He hasn’t left his room in three days, and the Ritz cracker crumbs are starting to pile up. His thin preschooller hair sticks to his scalp in sweaty, unbathed clumps, and the odor of rancid baby powder hangs heavily in the air. If you listen closely, you can hear a faint whisper of a single word emanating on repeat from a crumpled heap of firetruck-themed bedsheets: “Why?”
Tommy Jones, age 4, stares into the abyss of existential despair.
Rewind two months. Tommy views the 1998 seminal film A Bug’s Life for the first time. His little face awash in the glow of the screen, his eyes lit up by the glow of the screen, and his smile only visible because of the glow of the screen, Tommy is filled with a sense of magic. The tale of intrepid Flik, the entreprenueral ant who just won’t accept the status quo, speaks to Tommy on a spiritual level. Seeing the oppressive grasshopper (inventively named Hopper and voiced by Kevin Spacey—yes really), Tommy can’t help but draw parellels to his mother and her refusal to buy him candy at Shop Rite. He thinks these characters will live forever. He believes in Santa Claus. Tommy has found his fairy tale, and he will never let it go.
But the four-year-old son-of-two is doomed to learn the truth.
“The first straw was the whole Santa Claus thing,” Pamela Jones, Tommy’s mother, told Jester, “His cousin Jessica ruined that one for him. I could tell he was shaken by it, but I really thought he’d be able to bounce back.”
She pauses to wipe away a tear, and then adds, “I think the Bug’s Life incident, which came so soon after finding out about Santa, was what put him over the edge. It’s what forced him to really confront his own mortality and the mortality of all living creatures.”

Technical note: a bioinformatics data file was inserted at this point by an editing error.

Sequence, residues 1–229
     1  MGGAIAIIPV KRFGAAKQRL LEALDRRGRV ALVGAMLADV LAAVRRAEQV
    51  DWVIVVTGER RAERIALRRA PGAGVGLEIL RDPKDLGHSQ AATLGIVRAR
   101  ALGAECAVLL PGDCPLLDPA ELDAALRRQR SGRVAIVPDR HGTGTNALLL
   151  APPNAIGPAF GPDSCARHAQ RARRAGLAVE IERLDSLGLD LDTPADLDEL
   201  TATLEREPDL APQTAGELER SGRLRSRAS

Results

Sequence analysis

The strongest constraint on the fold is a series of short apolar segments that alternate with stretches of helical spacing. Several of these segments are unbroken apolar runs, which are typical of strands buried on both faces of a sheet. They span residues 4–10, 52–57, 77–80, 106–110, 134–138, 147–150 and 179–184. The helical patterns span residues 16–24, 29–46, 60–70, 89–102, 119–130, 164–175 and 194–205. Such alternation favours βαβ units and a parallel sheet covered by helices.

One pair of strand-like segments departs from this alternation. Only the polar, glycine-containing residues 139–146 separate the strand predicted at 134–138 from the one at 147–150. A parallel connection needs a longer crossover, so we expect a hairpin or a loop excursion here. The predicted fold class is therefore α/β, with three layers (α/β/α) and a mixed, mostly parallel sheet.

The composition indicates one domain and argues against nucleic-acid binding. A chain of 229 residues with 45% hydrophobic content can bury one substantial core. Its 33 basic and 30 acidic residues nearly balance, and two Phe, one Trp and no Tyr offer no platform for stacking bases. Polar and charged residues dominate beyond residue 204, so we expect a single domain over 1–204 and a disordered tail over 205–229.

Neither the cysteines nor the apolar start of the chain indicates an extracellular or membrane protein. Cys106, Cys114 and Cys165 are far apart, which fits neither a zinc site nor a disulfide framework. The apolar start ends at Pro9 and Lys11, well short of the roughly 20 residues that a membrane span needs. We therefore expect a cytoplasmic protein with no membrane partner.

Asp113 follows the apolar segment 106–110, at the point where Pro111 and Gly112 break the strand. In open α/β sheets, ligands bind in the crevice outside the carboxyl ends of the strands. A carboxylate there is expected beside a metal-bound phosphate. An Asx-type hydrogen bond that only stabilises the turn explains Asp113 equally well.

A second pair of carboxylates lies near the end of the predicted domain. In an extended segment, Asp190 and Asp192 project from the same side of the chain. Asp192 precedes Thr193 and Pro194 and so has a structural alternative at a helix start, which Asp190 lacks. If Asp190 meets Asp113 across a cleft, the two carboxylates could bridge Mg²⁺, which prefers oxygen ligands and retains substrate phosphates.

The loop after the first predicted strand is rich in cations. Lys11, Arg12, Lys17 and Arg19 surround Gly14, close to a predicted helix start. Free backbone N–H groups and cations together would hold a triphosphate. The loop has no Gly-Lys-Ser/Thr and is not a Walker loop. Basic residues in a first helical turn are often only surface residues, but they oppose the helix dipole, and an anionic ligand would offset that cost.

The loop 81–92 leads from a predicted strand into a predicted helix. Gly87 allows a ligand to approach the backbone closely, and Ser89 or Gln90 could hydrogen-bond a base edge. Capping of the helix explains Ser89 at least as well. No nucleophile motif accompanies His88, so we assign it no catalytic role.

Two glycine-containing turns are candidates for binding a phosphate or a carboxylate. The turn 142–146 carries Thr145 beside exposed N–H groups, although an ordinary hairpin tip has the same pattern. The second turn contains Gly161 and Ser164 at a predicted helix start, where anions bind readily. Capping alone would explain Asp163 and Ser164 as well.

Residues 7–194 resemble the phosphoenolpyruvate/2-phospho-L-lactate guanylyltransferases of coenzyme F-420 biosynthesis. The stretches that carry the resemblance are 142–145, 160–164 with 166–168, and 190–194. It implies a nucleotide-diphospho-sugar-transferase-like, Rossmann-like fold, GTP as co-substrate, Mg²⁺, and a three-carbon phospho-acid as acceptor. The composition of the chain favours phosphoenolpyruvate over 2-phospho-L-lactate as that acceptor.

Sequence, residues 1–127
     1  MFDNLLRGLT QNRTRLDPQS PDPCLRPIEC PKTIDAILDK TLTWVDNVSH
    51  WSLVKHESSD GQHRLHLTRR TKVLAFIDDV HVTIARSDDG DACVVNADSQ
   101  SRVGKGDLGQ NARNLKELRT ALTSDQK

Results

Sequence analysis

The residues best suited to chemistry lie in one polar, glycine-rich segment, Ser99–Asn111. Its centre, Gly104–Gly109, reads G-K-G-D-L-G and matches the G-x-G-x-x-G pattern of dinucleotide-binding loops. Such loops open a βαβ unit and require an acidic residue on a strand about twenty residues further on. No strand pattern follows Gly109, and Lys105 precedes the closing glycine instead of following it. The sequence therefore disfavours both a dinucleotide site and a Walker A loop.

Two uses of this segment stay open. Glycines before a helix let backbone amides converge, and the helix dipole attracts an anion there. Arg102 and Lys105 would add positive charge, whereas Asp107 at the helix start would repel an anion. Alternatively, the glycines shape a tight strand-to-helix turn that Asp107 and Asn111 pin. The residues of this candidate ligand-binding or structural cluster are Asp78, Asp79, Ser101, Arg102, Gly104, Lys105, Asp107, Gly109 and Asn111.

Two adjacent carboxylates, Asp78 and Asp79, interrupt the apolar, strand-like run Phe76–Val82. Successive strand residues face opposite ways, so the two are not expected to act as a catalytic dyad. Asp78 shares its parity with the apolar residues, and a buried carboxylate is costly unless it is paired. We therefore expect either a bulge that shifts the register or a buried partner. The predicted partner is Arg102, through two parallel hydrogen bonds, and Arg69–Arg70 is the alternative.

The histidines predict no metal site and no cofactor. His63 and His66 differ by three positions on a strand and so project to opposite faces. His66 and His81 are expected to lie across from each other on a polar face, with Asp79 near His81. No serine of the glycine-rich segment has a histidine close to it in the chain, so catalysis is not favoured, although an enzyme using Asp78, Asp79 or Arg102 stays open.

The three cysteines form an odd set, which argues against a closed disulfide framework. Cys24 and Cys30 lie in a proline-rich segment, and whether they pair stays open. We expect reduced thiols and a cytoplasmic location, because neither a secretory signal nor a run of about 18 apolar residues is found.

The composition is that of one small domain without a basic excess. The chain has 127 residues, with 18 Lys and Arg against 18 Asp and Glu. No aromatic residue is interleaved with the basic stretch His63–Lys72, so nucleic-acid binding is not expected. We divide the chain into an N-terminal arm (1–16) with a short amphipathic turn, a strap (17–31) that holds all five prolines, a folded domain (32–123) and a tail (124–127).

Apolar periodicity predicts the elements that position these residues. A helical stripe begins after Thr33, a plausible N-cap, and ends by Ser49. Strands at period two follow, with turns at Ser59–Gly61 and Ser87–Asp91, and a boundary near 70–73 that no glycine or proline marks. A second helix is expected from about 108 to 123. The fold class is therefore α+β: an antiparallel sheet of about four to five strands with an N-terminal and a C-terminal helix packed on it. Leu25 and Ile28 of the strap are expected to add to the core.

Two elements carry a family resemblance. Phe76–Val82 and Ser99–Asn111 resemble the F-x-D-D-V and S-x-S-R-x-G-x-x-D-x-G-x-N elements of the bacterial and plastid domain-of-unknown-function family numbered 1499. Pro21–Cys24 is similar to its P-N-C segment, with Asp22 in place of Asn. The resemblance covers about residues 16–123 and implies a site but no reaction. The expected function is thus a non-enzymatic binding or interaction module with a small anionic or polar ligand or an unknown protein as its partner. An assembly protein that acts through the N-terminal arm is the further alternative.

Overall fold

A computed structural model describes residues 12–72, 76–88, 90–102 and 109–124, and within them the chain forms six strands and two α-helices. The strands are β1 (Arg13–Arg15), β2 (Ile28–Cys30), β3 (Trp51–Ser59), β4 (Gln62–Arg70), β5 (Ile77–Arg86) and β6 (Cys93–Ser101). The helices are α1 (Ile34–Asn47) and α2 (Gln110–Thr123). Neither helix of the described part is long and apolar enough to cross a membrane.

The big reveal comes in Tommy’s “3’s and 4’s” preschool class in the unit on bugs, or, as Miss Gordon makes very clear in the lesson, insects. The class is presented with an illustrataed version of the monarch butterfly’s life cycle and Anna, one of Tommy’s least favorite classmates, decides to indulge her insatable thirst for knowledge by asking how long the cycle takes. Joey, Tommy’s ex-best friend, follows up with inquiries about other bugs’—excuse me, insects’—life spans.
Male ants live no longer than a few weeks, females from several months to a year. An adult flea is only alive on this Earth for two to three months.
Tommy is four years old. Tommy doesn’t know much about math. But even Tommy knows what a month is and what a year is, kind of. He knows that he is four years old because that is the question he gets asked the most. And he knows somehow, deep in his gut Tommy Jones knows that A Bug’s Life was made before he was alive. None of the characters he loves and dreams about and talks to can possibly still be alive. They must be dead. Death. Death is real.
His world is shattered.
Back at the Jones residence, Pamela knocks gently on her son’s door. No answer. She slides it open a crack and pokes her head in, says, “Honey? You ready to come on out of there?”
A muffled wail of anguish chases us from the threshold and down to the kitchen table. Pamela pours us both a glass of water and takes a sip from hers. Her face is lined with the exhaustion of caring for the bereaved child.
“I just don’t know what he’ll do when he finds out that the characters were never alive in the first place,” she says, shaking her head, “He’s such a sensitive boy. I’d hate to see him question the nature of life itself at such a young age. Save it for college, you know? That’s what I always thought was the healthiest time to confront big, existential conundrums.”
By: Cary Chapman